Jamie rushed up to his best friend, excited about the prospect of making the football team at school. Tryouts were the next day, and he had signed up.
“Hey, Sam! Guess what? I’m trying out for the football team this year.” He was hopeful, having trained all summer to be in shape.
“You’re joking, right?” Sam asked, shaking his head. “There’s no way, with your size, that they’ll pick you. Have you seen the size of the guys they choose?”
That was not what Jamie wanted to hear. He’d had such high hopes on making the team after training so hard. Doubt wedged its way into his thoughts.
He had grown several inches in the last year to reach five-foot-five, and his scrawny physique had filled out considerably with all the weight lifting he had done. But Sam was right, he was short compared to the five-ten-plus players that usually made the cut. Would talent be enough? Maybe at his height, it wasn’t enough to get him on the team. Maybe he should wait or pick another sport. If only he loved another sport as much as he loved football.
How often has someone said to you, “That’s impossible!” or “You can’t do that,” instilling doubt of success in your mind, perhaps even causing you to give up.
These statements are anything but uplifting and often hold us back from experiencing our true potential. Physically or mentally, we can all be so much more if we stop putting limits on ourselves.
Here are individuals who succeeded despite the odds against them:
Michael Jordan had been cut from his varsity basketball team during his sophomore year. At 5’11”, he was considered too short back then. He went on to become a legend in the sport.
Thomas Edison, the American inventor of the light bulb, was told by his teacher that he was too stupid to learn anything. He had in his lifetime 1,000 U.S patents to his name.
Ludwig Van Beethoven was deemed hopeless and told by his first music teacher that he would never succeed as a composer. He became one of the greatest composers.
J.K. Rowling, the author of the Harry Potter Series, had her first book rejected by numerous publishers. She became the first billionaire author.
One of the things I do besides writing my novels is writing magazine articles. Although not all topics are extraordinary, I do get opportunities to write about fascinating people with unbelievable feats. One such person is Chad Netherland, 10-time Guinness World Record holder in strength. Two years ago, I wrote an article about him for the Inside Kung Fu magazine (See article below). Then already, I thought his feats were miraculous- unbelievable even. Since that time, he has gone on to break his records and set many new ones. This type of dedication to success is commendable. If people used his level of dedication to achieve their goals, the sky would be reachable.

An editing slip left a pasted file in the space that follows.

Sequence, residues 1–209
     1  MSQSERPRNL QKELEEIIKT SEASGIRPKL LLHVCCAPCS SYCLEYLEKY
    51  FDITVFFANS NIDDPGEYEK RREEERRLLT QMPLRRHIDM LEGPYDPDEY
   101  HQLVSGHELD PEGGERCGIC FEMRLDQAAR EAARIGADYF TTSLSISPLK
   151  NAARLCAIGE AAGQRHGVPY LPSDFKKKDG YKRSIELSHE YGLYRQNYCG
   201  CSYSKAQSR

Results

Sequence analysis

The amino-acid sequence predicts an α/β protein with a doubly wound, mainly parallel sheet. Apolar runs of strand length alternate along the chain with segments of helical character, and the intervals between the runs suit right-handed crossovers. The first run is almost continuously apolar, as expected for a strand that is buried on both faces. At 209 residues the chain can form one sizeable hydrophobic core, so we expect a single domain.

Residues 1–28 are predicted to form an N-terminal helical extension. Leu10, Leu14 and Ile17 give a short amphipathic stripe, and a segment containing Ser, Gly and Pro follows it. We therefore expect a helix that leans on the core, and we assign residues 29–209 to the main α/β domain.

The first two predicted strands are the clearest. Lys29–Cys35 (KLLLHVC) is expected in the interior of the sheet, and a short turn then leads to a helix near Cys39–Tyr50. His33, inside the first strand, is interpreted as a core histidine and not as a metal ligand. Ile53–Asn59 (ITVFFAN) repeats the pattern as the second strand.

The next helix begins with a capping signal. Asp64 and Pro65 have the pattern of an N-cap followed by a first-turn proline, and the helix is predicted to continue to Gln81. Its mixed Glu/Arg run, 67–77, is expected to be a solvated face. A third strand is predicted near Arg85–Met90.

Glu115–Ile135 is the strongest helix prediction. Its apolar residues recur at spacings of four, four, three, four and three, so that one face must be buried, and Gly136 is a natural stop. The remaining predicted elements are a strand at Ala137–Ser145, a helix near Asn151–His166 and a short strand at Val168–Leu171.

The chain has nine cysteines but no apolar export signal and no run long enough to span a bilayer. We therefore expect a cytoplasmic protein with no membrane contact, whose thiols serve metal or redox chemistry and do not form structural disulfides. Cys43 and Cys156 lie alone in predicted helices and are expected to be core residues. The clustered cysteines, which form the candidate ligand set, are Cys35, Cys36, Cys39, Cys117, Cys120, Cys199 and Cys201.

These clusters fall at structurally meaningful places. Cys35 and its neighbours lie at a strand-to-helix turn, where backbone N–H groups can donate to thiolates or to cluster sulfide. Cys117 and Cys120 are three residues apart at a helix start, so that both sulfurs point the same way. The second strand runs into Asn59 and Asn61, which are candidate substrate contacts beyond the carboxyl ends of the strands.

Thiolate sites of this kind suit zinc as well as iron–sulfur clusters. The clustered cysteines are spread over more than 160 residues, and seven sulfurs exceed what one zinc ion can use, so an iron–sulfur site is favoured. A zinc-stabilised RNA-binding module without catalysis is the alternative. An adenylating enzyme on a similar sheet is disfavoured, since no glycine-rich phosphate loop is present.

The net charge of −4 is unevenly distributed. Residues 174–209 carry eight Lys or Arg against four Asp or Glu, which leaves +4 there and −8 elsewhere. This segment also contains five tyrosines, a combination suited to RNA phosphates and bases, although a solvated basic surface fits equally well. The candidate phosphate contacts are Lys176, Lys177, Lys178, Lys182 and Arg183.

Think twice before you speak, because your words and influence will plant the seed of either success or failure in the mind of another. - Napoleon Hill
Come the New Year, we all reflect on our past and future, and come up with resolutions that we resolve to implement to better our lives. A few of these resolutions make the top list every year:
Spending more time with family and friends
Quitting vices – smoking, drinking, biting nails, etc.
Enjoying life more
Getting out of debt
An admirable list, and we have good intentions of carrying out our resolutions when we begin the New Year, but how many of us actually implement and carry through those resolutions.
Why is it that many of us can’t keep the promises that we make to ourselves?
I’m sure the reasons vary, but there are five root problems that doom us to failure, often before we even start.
1. Not being specific enough with your intentions – How can you do something you are not clear about? When something is vague, there is no intention behind it. If you say your resolution is to lose weight, then be specific. Say, I will lose twenty pounds in four months. Clarity fosters a state of intention.
2. Setting your goals too large – Setting unreachable goals is a sure failure. Frustration sets in, discouraging you from continuing. Set a resolution that is the right gradient for you, ensuring you reach that resolution.
3. Not setting your priorities straight – You must prioritize your tasks because if your resolutions are not high enough on your to-do-list, they will inevitably be omitted and then deleted. Survival tasks are foremost, but prioritize your resolutions as high as possible, to see they get accomplished.
4. Fluctuations in our resolve – There are times when we feel we can conquer the world, yet other times, we can barely lift ourselves from the bed. At the best of times, it is hard to motivate ourselves to carry out our resolutions, so when our will power is extra low, we often resign in our tasks. Remember to ask others for help. A friend, family member, or co-worker can help motivate you on those days when your willpower is low.
5. Amount of time won’t permit it – You can do anything you set your mind to do, but realistically, how much time and energy do you have to devote to your resolution? Time is a scarce commodity for many. Obligations to family, friends, a job, and even to yourself will interfere with the quantity and quality of time spent for your resolutions. Set realistic time expectations. If you only have an extra half hour every day available then don’t plan to use two hours for a resolution. Less time will make your progress slower but you will eventually arrive at your destination.